Then I had mixed feelings when I learned that Sir Shridath, who attended private schools founded by his father in Georgetown, once wrote that his father had a profound influence on his life, and that his father’s “passionate belief in the basic goodness within all men” made a deep impression on him (Answers.com).

I have no doubt that despite their abundance of deliberate mistakes that hurt many Guyanese, both Burnham and Jagdeo possessed a basic goodness, but I also have no doubt that there comes a point in one’s life when one loses the right to claim possession of such basic goodness, and that point comes after repeated public rebukes and exposures and there is no concomitant public remorse or repentance (change of direction). It is called the point of no return, and it dooms the reputations of the persons in question in the history books.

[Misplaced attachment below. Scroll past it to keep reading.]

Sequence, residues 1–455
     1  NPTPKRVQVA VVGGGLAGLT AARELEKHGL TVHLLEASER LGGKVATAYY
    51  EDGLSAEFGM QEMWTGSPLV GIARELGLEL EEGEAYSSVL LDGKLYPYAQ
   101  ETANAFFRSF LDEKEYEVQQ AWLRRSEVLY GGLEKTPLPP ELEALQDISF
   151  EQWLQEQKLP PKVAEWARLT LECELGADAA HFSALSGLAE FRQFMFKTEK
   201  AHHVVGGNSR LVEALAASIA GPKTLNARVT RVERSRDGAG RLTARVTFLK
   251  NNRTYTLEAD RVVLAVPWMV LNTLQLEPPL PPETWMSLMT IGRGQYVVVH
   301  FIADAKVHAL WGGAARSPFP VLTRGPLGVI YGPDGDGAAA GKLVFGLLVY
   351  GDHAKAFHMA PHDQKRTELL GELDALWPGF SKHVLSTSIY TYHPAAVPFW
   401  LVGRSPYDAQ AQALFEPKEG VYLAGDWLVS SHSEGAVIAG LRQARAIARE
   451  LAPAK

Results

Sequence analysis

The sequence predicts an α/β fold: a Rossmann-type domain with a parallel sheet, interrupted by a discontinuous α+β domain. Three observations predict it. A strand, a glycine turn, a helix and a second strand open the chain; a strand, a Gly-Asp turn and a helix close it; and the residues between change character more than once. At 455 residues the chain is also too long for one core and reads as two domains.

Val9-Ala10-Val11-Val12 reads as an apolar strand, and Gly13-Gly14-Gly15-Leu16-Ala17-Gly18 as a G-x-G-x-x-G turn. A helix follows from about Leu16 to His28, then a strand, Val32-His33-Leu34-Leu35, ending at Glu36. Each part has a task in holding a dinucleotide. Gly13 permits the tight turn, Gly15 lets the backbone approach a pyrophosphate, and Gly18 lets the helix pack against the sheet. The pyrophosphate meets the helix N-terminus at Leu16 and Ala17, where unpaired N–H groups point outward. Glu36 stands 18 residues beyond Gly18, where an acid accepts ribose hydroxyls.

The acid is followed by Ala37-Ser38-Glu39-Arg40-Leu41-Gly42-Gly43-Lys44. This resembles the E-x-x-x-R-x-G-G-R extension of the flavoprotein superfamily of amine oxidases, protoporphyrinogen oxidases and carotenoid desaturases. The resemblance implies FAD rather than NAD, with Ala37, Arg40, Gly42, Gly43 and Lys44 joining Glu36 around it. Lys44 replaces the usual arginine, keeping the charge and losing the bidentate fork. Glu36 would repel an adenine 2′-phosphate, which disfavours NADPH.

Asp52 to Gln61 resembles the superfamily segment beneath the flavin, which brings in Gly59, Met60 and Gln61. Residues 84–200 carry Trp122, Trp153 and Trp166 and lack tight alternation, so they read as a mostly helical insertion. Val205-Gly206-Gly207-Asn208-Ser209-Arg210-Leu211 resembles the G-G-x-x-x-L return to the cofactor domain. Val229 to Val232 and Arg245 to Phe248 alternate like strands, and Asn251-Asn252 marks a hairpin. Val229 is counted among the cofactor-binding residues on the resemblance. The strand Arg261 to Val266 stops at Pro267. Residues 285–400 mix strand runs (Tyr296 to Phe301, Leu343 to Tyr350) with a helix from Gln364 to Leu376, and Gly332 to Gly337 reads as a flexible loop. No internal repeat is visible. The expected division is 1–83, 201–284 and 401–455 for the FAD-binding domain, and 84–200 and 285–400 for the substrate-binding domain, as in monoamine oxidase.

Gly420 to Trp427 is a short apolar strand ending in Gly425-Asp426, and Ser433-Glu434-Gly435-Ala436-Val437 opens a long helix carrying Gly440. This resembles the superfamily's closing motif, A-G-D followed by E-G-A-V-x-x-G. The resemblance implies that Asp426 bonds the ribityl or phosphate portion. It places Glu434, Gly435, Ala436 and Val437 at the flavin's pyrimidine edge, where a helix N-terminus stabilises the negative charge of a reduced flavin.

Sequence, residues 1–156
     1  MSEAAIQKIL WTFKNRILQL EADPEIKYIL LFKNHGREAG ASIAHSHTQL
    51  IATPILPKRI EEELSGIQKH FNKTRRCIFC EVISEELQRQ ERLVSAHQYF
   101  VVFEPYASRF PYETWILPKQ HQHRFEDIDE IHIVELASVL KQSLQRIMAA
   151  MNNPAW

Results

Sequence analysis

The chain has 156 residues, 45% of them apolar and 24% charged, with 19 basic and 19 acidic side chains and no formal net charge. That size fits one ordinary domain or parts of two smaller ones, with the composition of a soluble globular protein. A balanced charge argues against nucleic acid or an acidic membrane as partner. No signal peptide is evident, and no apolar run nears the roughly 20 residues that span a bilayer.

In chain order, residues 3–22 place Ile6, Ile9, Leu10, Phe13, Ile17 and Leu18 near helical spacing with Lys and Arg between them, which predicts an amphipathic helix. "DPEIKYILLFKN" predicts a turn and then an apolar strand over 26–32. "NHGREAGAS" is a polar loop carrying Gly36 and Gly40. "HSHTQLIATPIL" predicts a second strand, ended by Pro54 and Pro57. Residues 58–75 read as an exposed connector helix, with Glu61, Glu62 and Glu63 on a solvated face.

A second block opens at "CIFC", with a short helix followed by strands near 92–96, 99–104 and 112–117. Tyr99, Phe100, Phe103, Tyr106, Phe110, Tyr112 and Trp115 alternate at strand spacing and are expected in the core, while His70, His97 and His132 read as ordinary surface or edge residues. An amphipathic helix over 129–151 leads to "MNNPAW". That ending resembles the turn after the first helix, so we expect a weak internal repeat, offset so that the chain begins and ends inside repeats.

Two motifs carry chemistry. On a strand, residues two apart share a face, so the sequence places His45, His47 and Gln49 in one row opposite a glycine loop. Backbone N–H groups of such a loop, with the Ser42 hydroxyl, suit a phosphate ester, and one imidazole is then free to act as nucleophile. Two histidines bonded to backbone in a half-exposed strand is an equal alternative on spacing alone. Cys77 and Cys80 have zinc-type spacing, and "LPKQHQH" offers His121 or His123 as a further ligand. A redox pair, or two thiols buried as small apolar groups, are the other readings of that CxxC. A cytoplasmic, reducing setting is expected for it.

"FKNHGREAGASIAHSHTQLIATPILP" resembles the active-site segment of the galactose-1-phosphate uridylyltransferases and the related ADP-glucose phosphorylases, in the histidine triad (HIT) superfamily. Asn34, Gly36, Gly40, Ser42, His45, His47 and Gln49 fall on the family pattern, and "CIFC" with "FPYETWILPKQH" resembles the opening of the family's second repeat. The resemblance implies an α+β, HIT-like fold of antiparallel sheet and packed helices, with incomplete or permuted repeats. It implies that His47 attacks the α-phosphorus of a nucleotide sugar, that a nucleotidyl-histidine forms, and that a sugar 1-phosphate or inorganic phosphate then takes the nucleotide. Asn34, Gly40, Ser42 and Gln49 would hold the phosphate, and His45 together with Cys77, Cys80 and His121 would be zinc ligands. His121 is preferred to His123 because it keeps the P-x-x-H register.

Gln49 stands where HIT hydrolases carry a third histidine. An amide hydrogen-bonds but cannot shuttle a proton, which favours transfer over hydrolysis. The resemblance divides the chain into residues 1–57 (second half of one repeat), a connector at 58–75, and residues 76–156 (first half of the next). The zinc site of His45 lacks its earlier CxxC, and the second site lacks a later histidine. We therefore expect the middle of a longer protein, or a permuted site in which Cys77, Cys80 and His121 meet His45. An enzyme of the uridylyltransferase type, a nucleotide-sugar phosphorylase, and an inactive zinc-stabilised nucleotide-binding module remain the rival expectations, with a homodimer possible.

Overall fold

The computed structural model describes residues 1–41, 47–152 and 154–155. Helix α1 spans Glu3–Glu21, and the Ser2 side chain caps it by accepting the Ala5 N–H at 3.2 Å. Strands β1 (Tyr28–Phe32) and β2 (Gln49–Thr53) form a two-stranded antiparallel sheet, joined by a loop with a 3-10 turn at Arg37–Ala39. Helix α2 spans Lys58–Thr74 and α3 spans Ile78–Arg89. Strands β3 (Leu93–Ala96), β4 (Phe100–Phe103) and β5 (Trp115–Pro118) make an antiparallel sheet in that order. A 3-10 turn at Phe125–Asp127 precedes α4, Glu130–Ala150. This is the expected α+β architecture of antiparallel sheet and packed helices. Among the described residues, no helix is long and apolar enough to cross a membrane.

Sir Shridath does not have to share my opinion, but I am convinced beyond doubt that Mr Jagdeo is Guyana’s worst president, followed closely by Burnham. And in case Sir Shridath has any question about my belief, I want to remind him that when he retired in 1990, after fifteen years as Commonwealth SG, he did not stay in London or return home to his beautiful native land, Guyana. He chose to take up residence in the tiny jewel in the Caribbean waters, Barbados. Why Barbados and not Guyana?